[-empyre-] Welcome to Week 2 on -empyre: GAMES AND REPRESENTATION

Murat Nemet-Nejat muratnn at gmail.com
Sun Apr 12 06:22:56 AEST 2015

Being somewhat an outsider, perhaps I am misunderstanding the issue; but it
seems to me one of the crucial facts in a game is that it is participatory.
In other words, it reflects as much the the character ("Individuality") of
the participant as of its designer. Does this fact enter the conversation?
For instance, it may put some brakes to what is mentioned as the narcissism
of certain games. Of course, this narcissism is reinforced if the game
draws only a very defined kind of participant with a narrow profile.


On Sat, Apr 11, 2015 at 12:52 PM, Jen Malkowski <malkowjc at miamioh.edu>

> ----------empyre- soft-skinned space----------------------
> I’m interested in talking more about the provocation from Ian Bogost,
> “Video Games Are Better without Characters,” that TreaAndrea brings
> up. As she notes, “Bogost argues that games (like simulation games)
> that emphasize complex systems instead of dialogue, characters, and
> identities better prepare us to analyze the changing social and
> economic times.”
> There’s a lot in the piece that participants in this conversation
> would likely criticize—especially Bogost’s aggressive caricaturing of
> an investment in identity as a form of myopic, selfish, and
> individualist narcissism (an old refrain, to be sure). But trying to
> read it in a more generative way, I wondered about how we might
> conceive of identity itself as a “complex system” that could be or has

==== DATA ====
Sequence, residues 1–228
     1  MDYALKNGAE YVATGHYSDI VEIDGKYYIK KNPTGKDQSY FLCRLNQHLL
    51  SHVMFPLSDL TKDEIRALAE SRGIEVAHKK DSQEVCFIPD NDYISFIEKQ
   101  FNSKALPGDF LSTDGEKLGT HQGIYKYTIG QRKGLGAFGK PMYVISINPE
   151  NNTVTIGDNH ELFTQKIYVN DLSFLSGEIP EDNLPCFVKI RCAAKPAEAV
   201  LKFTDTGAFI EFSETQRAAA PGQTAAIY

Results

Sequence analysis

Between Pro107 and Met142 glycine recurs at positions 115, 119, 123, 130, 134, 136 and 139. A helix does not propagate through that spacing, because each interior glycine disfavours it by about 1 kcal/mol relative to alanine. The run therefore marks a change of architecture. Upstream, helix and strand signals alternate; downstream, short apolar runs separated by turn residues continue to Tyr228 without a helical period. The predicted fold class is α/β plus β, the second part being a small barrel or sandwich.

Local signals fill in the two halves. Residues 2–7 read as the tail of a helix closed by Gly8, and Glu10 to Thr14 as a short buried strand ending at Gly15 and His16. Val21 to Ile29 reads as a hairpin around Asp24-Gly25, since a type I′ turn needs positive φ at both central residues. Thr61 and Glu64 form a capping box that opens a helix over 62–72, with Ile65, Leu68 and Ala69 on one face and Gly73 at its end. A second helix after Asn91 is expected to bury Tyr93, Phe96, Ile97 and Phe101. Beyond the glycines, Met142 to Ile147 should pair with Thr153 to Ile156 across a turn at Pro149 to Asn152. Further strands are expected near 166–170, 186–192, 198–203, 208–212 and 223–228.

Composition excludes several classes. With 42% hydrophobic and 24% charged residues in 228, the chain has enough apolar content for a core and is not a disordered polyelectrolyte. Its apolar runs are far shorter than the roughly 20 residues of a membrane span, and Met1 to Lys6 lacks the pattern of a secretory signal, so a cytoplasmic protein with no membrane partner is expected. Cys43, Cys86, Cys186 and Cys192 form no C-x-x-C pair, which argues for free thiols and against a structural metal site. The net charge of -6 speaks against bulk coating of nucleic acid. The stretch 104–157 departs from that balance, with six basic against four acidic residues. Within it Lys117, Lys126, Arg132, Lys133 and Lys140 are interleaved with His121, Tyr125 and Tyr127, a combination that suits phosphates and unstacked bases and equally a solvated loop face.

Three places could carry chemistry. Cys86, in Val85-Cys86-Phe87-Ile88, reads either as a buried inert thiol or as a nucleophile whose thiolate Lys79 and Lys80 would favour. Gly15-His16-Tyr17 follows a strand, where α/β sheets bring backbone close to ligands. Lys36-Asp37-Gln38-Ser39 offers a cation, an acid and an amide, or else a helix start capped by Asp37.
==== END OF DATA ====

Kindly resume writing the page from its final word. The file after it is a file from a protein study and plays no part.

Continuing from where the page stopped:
> been translated into game mechanics. In other words, when we think
> more broadly about games, identity, and representation than only
> advocating for more diverse characters in games (and it’s clear to me
> that many of us are already thinking in that broad way in our work),
> what games come to mind that represent identity itself as a complex
> system, beyond simply featuring diverse characters? Or what games
> could be made that would do so?
> One example I sometimes teach that I think does this kind of work is
> Anna Anthropy’s dys4ia (http://wizardofvore.itch.io/dys4ia), “a
> journal game about the six months of my life when I made the decision
> to begin hormone replacement therapy.” In one way, dys4ia, “a journal
> game,” is deeply individualistic, as it chronicles one person’s
> identity-centric experience. But in another way, it repeatedly and
> overtly represents the social and medical systems that shape
> individual experiences of gender identity (and not only for trans*
> people). The game itself, though, is short and simple in its
> mechanics, so I'd love to think of games that translate the complexity
> of systems of identity into complex game mechanics, as well.
> What games do you folks think succeed or fail at representing identity
> as a complex system?
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